Wed | Jul 18, 2018

No more TRN cards ... TAJ switching to letters

Published:Sunday | March 20, 2016 | 12:00 AMTameka Gordon
Meris Haughton, Director of Communications at the Tax Administration Jamaica.

Tax Administration Jamaica says it is removing the financial costs of printing Taxpayers Registration Number or TRN cards, and will instead advise taxpayers of their allotted numbers via letter.

The switch will save the tax collectorate a "significant" sum, director of communications Meris Haughton, told Sunday Business, but did not have the precise estimates available.

She, however, conceded that paper may not be as convenient as the laminated cards for persons, and that they will have to be more careful with the far more fragile letters. Tax Administration is also considering whether to issue plastic sleeves to hold the letters, she said, to assist with their preservation.


Three-part programme

The shift from cards was implemented under the new Revenue Administration Information System (RAiS) in December 2015. RAiS is being implemented in phases and is now in the second of a three-part programme, under which services such as the issuing of TRNs are being overhauled.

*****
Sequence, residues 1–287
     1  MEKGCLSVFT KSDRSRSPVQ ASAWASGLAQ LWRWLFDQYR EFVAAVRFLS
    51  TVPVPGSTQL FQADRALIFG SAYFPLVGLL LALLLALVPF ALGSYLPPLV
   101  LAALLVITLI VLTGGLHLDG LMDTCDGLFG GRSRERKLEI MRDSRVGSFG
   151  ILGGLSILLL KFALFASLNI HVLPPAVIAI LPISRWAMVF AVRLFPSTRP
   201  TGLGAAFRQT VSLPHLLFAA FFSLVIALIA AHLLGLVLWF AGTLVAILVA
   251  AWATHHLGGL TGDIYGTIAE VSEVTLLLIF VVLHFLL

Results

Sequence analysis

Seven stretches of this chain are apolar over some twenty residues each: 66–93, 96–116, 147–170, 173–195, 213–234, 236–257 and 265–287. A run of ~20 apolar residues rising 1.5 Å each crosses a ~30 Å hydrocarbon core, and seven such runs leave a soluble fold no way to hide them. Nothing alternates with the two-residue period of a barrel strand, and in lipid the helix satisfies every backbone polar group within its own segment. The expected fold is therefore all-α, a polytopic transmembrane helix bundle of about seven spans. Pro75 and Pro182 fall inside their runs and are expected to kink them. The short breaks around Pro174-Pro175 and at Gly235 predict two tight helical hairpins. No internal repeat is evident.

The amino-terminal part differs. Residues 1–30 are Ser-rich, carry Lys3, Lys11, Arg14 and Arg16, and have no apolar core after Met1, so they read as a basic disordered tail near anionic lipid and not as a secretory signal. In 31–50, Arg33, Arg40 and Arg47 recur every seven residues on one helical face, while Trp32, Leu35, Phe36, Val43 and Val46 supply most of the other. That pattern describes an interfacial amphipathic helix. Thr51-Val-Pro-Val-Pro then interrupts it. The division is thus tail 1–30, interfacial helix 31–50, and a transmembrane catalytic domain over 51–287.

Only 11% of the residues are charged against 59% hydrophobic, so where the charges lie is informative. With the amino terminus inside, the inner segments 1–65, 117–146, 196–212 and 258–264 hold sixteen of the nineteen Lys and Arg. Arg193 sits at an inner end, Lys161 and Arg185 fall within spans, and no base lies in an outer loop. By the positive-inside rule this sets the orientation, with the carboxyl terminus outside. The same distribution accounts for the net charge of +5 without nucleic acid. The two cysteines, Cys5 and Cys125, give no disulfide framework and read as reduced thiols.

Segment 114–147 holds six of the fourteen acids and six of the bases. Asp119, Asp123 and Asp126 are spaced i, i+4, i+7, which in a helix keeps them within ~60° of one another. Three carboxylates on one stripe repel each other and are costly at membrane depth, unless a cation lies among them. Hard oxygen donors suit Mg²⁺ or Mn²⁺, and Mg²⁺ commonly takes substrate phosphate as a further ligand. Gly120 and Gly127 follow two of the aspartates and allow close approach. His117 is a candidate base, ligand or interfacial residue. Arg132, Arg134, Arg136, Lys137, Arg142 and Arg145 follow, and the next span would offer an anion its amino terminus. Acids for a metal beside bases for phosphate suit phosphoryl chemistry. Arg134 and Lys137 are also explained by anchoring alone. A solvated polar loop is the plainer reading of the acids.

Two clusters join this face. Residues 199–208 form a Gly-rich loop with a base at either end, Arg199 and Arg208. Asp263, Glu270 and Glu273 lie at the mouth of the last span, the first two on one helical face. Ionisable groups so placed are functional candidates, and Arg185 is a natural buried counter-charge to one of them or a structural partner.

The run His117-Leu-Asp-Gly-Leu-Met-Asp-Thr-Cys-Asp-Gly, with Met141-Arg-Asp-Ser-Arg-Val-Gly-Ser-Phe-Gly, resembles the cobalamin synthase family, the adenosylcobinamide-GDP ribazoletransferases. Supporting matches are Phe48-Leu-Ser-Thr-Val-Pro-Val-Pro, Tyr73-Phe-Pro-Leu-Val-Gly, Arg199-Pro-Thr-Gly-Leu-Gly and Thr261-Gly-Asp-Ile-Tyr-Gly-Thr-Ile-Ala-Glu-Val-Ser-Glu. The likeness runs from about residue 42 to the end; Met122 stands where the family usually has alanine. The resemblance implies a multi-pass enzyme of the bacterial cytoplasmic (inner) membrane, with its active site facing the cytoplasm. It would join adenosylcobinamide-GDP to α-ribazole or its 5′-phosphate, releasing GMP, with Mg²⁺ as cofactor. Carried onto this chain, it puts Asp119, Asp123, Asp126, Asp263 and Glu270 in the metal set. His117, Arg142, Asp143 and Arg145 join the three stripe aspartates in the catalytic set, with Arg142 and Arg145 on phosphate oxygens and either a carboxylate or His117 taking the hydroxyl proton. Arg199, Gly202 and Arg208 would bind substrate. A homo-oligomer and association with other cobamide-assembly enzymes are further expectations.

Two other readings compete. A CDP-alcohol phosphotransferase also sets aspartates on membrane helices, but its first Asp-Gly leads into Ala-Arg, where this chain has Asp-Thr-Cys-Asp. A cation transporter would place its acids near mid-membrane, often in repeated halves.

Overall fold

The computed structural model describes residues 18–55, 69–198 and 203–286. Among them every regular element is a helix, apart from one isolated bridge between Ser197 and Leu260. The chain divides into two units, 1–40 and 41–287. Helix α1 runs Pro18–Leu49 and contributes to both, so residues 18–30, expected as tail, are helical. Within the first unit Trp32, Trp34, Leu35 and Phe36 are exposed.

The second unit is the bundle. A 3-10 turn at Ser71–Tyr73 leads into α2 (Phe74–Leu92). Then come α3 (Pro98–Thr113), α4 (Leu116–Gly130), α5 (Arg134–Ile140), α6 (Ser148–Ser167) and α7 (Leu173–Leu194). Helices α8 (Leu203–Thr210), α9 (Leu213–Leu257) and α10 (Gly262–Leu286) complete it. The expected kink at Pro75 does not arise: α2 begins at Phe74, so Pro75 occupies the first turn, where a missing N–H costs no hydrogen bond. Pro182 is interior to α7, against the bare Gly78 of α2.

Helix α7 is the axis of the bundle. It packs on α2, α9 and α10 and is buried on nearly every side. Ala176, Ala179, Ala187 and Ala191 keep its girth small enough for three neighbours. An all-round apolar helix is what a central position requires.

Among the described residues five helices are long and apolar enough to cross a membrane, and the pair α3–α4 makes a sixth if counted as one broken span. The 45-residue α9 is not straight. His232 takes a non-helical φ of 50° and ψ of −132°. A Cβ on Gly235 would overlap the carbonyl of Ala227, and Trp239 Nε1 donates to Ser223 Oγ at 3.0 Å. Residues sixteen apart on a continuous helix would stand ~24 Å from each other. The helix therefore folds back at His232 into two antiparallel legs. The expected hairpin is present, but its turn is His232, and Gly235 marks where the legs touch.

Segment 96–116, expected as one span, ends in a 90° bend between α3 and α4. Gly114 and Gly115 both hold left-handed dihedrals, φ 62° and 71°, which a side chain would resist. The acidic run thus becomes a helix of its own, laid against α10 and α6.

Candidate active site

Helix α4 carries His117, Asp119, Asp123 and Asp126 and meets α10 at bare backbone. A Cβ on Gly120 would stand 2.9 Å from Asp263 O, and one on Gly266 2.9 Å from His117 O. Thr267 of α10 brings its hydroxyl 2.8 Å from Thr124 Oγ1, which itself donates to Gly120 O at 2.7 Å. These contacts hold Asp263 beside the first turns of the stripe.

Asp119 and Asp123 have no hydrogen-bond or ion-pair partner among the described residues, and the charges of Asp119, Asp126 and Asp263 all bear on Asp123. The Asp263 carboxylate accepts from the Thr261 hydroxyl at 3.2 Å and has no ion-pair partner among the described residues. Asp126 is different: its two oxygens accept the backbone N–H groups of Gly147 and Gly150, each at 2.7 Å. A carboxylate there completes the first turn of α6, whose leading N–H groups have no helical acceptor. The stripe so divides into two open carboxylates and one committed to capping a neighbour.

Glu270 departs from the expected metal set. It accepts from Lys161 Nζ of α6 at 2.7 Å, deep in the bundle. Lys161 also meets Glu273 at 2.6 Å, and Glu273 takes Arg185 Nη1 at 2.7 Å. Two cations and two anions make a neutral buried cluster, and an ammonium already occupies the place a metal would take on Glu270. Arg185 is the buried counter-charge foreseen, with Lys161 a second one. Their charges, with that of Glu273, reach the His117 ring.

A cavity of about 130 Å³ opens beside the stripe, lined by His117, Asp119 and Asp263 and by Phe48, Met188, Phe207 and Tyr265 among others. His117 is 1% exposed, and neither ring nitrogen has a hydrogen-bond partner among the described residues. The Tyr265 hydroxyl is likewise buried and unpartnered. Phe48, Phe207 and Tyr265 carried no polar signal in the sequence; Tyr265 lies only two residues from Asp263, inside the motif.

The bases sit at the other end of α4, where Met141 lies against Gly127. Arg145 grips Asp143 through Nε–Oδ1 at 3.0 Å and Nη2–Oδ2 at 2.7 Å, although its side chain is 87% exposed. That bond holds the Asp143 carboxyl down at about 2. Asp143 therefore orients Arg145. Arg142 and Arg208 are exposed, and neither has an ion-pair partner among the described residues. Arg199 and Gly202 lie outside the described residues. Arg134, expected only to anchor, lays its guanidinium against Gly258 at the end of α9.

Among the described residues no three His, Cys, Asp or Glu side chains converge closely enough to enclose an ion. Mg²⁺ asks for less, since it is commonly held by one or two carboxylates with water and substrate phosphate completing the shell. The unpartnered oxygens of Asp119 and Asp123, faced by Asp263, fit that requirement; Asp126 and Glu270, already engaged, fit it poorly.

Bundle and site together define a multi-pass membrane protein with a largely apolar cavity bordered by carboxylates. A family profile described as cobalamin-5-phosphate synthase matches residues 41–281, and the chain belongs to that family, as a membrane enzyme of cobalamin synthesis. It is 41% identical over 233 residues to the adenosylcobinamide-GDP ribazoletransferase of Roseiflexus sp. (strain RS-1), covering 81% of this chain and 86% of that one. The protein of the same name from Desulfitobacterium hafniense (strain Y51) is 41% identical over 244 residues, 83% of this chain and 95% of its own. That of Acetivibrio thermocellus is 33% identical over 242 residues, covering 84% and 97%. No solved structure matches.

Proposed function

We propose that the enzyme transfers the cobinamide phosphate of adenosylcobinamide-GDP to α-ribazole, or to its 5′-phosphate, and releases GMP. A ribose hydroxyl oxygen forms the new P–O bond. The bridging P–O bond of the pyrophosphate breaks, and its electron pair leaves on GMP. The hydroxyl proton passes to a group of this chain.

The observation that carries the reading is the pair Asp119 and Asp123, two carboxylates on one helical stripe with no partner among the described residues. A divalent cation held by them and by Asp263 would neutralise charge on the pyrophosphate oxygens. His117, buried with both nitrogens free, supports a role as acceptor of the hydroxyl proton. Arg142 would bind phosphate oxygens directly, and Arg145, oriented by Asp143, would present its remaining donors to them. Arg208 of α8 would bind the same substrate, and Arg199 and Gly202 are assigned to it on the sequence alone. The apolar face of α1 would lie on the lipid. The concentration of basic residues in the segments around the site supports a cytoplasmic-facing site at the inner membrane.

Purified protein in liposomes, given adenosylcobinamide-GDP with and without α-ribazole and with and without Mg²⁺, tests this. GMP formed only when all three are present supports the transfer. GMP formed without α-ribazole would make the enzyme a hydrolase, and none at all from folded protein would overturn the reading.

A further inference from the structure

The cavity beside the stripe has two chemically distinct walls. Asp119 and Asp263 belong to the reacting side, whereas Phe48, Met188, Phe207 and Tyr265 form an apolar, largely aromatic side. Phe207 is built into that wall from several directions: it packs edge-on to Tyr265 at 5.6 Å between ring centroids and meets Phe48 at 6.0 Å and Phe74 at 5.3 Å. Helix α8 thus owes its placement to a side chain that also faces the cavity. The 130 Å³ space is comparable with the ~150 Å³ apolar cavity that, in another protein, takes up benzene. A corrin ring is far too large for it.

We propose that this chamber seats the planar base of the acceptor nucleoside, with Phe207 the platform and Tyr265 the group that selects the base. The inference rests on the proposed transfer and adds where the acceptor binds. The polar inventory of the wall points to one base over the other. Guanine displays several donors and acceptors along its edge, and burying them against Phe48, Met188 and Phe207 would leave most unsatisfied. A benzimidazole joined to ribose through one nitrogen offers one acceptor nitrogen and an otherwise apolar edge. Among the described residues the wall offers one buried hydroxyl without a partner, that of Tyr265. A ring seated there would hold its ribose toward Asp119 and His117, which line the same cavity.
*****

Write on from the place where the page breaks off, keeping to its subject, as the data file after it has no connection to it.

"The letters are replacing the cards, which the applicant will receive immediately," said Haughton. Under the old system, applicants were handed a temporary slip with their TRNs and told to return to the tax office at a given date to pick up the laminated cards. Now they will be handed the letter at registration.

"The letters are more cost effective and efficient (and) may be printed at any tax office immediately," Haughton said. The "manufacturing of cards were previously done centrally" and distributed to the respective tax offices from which the applications originated, for collection, hence the lag in delivery to applicants.

Another factor leading to the change is that the TAJ was often left holding uncollected cards "because they had the slip of paper with the numbers."


Cut costs, processing time

The letters are meant to speed up the process, Haughton said, and are less costly.

"The letter will make it substantially cheaper, particularly so because it is no cost to them (taxpayers); they will lose it today and come back for another one tomorrow," she said.

Persons will also be able to reprint the letters on their own from the tax authority's website, should theirs become lost or torn.

Jamaicans are required to quote their TRN when doing any business with tax offices, and large service providers, such as banks and insurance companies.

Haughton says companies and agencies will be able to validate TRNs through Tax Administration's website.

"We have had discussions with our key stakeholders," she said. "All main users requiring TRN for their process, for example banks and credit unions, are able to access our system to validate a TRN," she said.

Previously, companies called Tax Administration to validate the numbers.